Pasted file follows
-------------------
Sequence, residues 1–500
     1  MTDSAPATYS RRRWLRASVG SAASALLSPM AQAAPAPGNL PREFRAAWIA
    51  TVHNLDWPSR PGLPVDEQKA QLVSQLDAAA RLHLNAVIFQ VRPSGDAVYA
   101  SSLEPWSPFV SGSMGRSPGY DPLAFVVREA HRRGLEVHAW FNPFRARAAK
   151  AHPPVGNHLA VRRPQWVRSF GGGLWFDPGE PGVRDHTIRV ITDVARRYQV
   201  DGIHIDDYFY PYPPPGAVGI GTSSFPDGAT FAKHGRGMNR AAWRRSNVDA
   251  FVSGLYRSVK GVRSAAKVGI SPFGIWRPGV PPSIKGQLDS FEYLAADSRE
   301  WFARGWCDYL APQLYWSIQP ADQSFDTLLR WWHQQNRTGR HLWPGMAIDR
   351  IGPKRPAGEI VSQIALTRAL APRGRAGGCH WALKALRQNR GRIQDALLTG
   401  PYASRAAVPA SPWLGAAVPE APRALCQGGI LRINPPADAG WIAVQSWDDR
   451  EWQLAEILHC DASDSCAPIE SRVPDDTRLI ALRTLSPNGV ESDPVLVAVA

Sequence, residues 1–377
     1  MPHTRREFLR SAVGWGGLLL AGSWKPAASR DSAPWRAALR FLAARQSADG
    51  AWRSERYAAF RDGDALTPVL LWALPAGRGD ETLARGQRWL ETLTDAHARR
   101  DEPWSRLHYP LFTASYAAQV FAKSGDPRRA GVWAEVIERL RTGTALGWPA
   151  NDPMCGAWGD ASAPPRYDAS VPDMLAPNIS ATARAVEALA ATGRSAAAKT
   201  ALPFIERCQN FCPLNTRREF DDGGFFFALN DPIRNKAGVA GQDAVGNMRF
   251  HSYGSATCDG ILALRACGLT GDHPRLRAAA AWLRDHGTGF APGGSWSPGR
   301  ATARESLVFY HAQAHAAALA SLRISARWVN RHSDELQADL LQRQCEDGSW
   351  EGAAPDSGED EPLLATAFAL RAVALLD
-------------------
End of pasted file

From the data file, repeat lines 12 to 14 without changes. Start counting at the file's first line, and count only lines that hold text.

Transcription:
Sequence, residues 1–377
     1  MPHTRREFLR SAVGWGGLLL AGSWKPAASR DSAPWRAALR FLAARQSADG
    51  AWRSERYAAF RDGDALTPVL LWALPAGRGD ETLARGQRWL ETLTDAHARR